The premise is fascinating, "When a god dies, who gets left behind?" but in the exploration the series leans so far into genre romance I often found I was bored and tuned out.

Disclaimer: This is a review, and as such will contain opinions, spoilers and (often) general shit talking. (If you talk about what you don’t like about a work, you learn a lot. When you think through a work with the stakes presented to you by the creator, by the context of the work, you learn a lot. I review things, not because I love to dislike things, but because dislike contains rich and vital information for the process of experiencing something, but I cannot access it without interrogating it.) So, if you don’t want to have this thing spoiled for you, or don’t know how to behave when a person on the internet, that you don’t know, has opinions that don’t line up with yours, this review is not for you. It’s also not for the author/creator of the work. Please and thank you.


The Saint of Steel series by T. Kingfisher is a fantasy series. In each new book, we get to continue the journey with another character that’s already familiar from previous books.

If you’re tired of fantasy starring super-hot, super-special recently-legal young adults with improbably smooth banter skills, allow me to recommend this series full of awkward, but well-meaning, damaged middle-aged people who are trying to piece together quiet yet adequate lives.

This is genre fiction, nothing particularly earth-shattering, but they’re easy to read, cosy (despite the gruesome circumstances) and the characters have good banter, though they do start resembling each other an awful lot as you move through the series.

Book 1: Paladin’s Grace

Stephen meets Grace and their romance develops over a pile of decapitated heads, dead and dying assassins, political intrigue, spies, and religious fanatics.

Stephen was a paladin to a now-dead god. Many of the paladins in his order went berserk when their god died, killing innocent people and themselves. Now there are only six of them left and they’ve taken up service under a different temple.

Grace is a perfumer who has escaped an abusive marriage to start a new life in a new city. She has a propensity for being in the wrong place at the wrong time, and ends up being rescued by Stephen most of the time.

What ensues is a will-they-won’t-they where they both feel the same way about each other, and constantly think about how much they want to see each other without their clothes on, yet they’re both completely convinced that the other person isn’t at all interested.

It gets really frustrating to read, because there’s a lot of pining in internal monologue. If you like that sort of thing, maybe this is for you. I prefer more action, less explanation.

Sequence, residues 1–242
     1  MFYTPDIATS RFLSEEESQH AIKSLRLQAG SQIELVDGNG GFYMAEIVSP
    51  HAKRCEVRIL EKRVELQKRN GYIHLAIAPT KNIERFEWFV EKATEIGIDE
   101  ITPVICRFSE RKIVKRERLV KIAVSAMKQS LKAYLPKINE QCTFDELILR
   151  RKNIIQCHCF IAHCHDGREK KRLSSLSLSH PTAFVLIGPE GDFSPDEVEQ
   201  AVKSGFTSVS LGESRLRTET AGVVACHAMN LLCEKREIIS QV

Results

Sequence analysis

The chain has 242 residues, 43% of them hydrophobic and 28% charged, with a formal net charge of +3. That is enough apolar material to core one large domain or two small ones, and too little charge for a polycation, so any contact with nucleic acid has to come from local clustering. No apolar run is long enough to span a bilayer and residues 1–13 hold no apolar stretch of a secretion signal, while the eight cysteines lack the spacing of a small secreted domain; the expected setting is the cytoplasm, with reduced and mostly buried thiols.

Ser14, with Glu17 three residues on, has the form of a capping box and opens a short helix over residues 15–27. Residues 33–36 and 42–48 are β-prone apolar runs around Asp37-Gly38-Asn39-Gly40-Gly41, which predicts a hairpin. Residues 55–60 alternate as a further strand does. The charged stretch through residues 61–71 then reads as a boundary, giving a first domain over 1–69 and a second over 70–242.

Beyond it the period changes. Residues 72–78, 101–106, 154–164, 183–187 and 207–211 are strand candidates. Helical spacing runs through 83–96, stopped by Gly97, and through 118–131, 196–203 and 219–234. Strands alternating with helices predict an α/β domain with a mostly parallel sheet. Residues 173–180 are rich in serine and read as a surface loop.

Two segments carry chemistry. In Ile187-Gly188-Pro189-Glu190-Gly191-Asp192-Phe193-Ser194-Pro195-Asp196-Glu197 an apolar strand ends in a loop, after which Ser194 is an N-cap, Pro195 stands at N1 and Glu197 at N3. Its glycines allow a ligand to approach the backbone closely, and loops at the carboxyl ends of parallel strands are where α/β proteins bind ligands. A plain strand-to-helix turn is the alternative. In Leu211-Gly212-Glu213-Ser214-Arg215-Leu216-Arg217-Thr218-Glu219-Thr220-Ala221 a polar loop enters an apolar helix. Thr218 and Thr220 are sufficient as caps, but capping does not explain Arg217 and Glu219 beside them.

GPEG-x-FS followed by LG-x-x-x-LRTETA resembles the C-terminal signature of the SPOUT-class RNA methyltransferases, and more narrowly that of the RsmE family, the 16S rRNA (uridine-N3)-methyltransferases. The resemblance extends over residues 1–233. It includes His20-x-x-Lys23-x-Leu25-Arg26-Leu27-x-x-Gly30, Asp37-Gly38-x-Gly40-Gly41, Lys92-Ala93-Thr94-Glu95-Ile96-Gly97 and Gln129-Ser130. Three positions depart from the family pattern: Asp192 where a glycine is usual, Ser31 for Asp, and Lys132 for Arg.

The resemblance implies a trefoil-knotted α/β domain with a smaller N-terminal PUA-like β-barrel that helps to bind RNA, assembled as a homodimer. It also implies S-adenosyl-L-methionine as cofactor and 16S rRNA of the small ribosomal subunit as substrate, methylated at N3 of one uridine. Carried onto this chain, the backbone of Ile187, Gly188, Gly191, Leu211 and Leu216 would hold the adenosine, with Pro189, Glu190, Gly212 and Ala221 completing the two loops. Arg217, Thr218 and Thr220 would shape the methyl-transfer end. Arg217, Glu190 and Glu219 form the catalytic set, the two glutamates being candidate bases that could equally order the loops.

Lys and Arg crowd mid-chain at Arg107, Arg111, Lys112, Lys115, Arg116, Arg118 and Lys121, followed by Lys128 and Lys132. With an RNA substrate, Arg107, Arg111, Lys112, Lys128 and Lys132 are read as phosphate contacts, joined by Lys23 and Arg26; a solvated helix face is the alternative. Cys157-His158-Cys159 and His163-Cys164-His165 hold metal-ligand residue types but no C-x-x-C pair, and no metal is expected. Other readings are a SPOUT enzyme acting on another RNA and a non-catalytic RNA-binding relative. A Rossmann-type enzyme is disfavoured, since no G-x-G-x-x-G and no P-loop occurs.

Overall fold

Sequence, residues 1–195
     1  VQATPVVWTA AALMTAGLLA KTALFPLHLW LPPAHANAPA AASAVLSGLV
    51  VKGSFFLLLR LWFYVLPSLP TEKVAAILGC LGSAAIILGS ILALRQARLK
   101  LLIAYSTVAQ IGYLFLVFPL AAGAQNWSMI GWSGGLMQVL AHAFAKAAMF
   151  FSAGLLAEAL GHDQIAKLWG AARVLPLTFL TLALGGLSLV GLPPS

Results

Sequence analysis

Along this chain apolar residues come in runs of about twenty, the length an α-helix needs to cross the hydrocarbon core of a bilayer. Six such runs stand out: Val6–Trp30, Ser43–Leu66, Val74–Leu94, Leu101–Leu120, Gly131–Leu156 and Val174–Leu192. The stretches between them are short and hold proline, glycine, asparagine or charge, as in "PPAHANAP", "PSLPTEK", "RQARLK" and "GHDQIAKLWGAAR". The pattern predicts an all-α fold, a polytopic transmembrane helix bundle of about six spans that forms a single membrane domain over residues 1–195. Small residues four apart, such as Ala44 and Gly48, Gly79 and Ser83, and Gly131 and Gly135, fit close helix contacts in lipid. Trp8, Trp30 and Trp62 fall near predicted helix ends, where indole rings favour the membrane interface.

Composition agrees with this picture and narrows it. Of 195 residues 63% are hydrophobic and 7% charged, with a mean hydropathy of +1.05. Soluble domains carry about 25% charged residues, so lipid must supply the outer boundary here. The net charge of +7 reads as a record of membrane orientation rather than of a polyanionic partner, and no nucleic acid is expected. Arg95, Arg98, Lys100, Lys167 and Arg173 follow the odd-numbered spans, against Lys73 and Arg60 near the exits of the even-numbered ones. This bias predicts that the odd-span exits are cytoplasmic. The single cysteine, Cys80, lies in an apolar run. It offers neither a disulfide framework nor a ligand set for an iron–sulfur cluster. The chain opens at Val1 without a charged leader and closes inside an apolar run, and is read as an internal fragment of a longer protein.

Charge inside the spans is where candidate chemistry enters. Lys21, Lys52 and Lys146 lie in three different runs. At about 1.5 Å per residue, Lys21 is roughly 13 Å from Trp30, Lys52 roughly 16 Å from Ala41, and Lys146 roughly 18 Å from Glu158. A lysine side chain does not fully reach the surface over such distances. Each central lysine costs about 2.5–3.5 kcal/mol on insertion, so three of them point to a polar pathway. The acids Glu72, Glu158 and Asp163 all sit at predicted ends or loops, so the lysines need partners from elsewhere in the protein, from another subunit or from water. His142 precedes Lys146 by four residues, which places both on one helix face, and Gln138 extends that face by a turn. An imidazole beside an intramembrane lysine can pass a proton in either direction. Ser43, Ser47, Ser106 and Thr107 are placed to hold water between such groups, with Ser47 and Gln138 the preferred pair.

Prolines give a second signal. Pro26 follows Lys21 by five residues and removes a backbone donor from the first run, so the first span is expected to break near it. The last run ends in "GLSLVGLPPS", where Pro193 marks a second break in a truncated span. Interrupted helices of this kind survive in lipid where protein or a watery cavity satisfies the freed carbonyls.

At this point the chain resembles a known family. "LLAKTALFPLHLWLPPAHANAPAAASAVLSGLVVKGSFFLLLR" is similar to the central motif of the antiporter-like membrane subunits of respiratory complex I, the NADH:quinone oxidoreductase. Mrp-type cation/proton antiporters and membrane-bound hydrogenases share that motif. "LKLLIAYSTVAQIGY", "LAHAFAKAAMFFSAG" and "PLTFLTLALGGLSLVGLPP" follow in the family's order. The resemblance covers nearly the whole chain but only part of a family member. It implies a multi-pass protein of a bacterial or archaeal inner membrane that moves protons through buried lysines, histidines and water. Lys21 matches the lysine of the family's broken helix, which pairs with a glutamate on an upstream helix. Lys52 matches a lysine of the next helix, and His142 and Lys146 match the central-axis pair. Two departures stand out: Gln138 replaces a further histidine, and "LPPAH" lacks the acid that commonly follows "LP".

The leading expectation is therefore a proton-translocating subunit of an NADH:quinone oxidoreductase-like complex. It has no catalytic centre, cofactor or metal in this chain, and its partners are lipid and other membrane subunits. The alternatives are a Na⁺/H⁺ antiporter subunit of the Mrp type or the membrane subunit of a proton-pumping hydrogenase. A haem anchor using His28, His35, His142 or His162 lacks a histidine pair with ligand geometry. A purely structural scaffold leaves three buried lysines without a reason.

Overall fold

Paladin’s Grace felt like a stronger piece than Swordheart, though the characters seem to be evolving into archetypes that get repurposed in the next book, rather than individuals. So far, we’ve got the curvy woman and the big, burly swordsman as in Swordheart (and this continues in book 2 as well).

The plot isn’t the strongest, the pining romance clearly taking the lead again. And fair, if that’s what you’re good at, there’s nothing wrong with leaning into your strengths. But I do feel like there are a lot of plot elements introduced, and if the previous is the case, maybe don’t start juggling so many plot arcs in one book.

This becomes an issue when the plot is too confusing or I don’t care about it enough to really sit through the parts where they wonder what it would be like to undress each other, but categorically refuse to have a conversation about it.

In the end, I felt like the rug was pulled out from under me a bit, because the mystery that drives much of the plot ends up having nothing to do with anything, it’s basically just a misunderstanding. For a mystery to be at the centre of the book, this wasn’t satisfying as a conclusion.

I do love Stephen and his socks, though.

It’s wonderful to see a man depicted as doing some kind of craft, but I can’t help but think it smells a bit of The Big Guy (big and intimating on the outside, but just a softie on the inside). There’s nothing wrong with this trope, but when this is now the second time around we’ve got this pairing (if you read Swordheart first) it just feels… tropey and predictable.

The conversations Stephen and Istvhan are the most entertaining, because it really feels like two characters who know each other well, and it makes the characters feel real and lived-in (as opposed to being cardboard cutouts).

Book 2: Paladin’s Strength